Thursday, February 9, 2012

U.S. Teen Pregnancy Rate Lowest In 40 Years - Thanks To Contraceptive Use

The use of contraceptives is seen as the reason that the U.S. teen pregnancy rate has hit a 30-year low, according to a new study published this week by the Guttmacher Institute.

Teen pregnancies have declined dramatically in the United States since their peak in the early 1990s, as have the births and abortions that result; in 2008, teen pregnancies reached their lowest level in nearly 40 years, according to “U.S. Teenage Pregnancies, Births and Abortions, 2008: National Trends by Age, Race and Ethnicity,” by Kathryn Kost and Stanley Henshaw of the Guttmacher Institute.

In 2008, the teen pregnancy rate was 67.8 pregnancies per 1,000 women aged 15–19, which means that about 7% of U.S. teens became pregnant that year. This rate represents a 42% decline from the peak in 1990 (116.9 per 1,000). Similarly, the birthrate declined 35% between 1991 and 2008, from 61.8 to 40.2 births per 1,000 teens; the abortion rate declined 59% from its 1988 peak of 43.5 abortions per 1,000 teens to its 2008 level of 17.8 per 1,000.

“Continuing decreases in teen pregnancy more recently may be driven by increased use of the most effective contraceptive methods as well as dual method use,” the Guttmacher Institute explained. “In sum, teens appear to be making the decision to be more effective contraceptive users, and their actions are paying off in lower pregnancy, birth and abortion rates.”

Even with dramatic reductions in pregnancy, birth and abortion rates among all racial and ethnic groups, disparities between black, white and Hispanic teens persist. After peaking in the early 1990s, the teen pregnancy rate dropped by 37% among Hispanics, 48% among blacks and 50% among non-Hispanic whites; yet the rates among black and Hispanic teens remain 2–3 times as high as that of non-Hispanic white teens.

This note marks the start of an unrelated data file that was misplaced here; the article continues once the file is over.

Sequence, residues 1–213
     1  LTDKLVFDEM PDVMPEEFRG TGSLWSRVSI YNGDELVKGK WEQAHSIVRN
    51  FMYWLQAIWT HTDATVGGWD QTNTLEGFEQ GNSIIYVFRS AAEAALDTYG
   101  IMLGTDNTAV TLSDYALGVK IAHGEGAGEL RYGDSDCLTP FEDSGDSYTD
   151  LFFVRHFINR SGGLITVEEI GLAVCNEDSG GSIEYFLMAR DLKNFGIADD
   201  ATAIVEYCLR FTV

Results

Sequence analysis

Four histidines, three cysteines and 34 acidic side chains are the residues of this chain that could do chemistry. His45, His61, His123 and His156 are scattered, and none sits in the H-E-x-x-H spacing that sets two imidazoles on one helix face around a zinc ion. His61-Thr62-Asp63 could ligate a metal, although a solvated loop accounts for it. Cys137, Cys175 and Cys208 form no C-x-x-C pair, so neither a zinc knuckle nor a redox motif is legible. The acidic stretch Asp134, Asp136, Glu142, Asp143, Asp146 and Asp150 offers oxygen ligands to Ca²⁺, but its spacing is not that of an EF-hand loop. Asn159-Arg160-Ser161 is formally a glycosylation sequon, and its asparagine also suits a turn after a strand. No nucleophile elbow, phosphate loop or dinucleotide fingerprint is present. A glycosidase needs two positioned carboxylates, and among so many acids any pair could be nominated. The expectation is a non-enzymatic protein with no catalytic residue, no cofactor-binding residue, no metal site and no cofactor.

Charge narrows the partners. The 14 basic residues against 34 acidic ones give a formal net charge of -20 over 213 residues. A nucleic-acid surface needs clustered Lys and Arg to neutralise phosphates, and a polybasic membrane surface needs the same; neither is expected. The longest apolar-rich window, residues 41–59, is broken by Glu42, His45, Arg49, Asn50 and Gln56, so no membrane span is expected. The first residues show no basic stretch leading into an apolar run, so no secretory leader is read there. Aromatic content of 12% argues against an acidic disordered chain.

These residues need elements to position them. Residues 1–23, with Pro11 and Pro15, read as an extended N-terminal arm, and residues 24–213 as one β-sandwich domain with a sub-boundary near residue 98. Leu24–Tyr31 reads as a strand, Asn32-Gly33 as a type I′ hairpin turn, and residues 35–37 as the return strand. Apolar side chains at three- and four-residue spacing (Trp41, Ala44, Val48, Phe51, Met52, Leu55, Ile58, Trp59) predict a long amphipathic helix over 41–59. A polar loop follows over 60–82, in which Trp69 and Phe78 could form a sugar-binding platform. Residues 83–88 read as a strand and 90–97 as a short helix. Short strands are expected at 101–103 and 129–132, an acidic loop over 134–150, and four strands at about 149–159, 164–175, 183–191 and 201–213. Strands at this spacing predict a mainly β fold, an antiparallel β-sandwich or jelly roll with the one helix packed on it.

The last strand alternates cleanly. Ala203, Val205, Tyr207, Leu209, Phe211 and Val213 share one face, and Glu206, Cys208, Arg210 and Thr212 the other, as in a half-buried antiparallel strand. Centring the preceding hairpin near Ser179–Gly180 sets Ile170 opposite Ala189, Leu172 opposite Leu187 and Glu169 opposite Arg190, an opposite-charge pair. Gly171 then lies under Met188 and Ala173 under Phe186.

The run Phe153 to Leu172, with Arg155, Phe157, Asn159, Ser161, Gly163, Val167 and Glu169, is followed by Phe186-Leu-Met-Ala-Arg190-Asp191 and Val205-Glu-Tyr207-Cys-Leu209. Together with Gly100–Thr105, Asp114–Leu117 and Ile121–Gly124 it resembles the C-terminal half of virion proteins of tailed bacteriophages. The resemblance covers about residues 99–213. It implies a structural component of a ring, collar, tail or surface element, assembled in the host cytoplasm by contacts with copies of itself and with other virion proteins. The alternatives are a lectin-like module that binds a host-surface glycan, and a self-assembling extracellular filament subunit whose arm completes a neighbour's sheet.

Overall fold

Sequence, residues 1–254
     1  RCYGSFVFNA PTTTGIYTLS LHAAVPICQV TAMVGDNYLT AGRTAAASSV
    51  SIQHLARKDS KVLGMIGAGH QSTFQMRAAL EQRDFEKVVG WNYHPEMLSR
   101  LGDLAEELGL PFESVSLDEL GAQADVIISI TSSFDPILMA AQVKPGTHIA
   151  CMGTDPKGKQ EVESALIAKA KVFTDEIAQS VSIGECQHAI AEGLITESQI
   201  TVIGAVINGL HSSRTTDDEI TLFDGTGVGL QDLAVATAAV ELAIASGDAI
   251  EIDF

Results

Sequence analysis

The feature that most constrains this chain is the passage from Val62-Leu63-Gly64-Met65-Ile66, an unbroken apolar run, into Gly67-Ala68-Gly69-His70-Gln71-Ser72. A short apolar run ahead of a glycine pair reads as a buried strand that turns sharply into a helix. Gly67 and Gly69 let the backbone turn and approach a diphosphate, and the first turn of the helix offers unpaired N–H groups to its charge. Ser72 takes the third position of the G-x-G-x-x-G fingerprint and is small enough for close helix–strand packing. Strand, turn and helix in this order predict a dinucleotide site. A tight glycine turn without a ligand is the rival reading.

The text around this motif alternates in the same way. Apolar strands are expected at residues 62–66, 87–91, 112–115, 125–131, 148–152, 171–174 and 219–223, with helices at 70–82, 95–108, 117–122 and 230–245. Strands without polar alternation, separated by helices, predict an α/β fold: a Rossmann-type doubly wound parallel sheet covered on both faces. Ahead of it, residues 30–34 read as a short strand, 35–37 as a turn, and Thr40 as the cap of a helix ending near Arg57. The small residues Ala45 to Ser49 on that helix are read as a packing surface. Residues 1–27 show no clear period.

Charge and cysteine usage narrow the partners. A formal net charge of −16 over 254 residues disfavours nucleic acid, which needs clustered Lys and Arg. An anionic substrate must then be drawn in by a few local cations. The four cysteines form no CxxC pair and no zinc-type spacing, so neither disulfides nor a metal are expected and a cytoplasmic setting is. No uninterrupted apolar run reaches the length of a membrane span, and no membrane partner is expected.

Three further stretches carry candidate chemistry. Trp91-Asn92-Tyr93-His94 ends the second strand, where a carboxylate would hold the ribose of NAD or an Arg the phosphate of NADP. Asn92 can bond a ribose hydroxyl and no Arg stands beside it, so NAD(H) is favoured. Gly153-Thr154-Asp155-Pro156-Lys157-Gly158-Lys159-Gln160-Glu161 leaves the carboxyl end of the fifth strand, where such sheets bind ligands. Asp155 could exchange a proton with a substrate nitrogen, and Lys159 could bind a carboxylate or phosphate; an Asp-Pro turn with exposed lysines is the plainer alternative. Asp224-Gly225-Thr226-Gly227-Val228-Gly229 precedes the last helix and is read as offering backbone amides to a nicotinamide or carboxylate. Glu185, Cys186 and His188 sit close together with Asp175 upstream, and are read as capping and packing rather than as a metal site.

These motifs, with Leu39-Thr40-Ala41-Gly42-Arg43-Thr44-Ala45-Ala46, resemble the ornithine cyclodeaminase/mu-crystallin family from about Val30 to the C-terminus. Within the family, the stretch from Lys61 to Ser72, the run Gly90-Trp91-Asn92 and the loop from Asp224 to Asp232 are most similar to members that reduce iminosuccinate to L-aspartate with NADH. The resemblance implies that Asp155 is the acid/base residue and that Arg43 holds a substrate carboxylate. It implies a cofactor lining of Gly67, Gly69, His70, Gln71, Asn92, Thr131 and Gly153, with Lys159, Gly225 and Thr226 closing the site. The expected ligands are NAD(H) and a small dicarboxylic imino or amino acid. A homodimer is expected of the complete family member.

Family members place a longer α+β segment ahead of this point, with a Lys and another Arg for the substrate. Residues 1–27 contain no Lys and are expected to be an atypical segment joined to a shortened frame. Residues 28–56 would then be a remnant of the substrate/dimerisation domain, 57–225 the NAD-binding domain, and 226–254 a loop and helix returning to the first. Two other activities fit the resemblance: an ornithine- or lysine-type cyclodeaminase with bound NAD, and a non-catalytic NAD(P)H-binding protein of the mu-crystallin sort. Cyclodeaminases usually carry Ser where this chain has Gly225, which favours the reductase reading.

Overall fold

The U.S. Conference of Catholic bishops (USCCB) are incensed at the decision by the Obama administration to guarantee that the women's health care benefit packages offered by employers includes contraceptive care. Beginning in August 2012, all of the services in this benefit package will be available in new employer insurance plans without any out-of-pocket costs to women. The rule specifically exempts pervasively religious institutions like houses of worship from offering their employees birth control coverage as part of their health insurance. But the Bishops claim that their religion also exempts them from providing preventive health care services to the millions of employees -- many of whom are not even Catholic -- at Catholic owned businesses, like hospitals and Universities!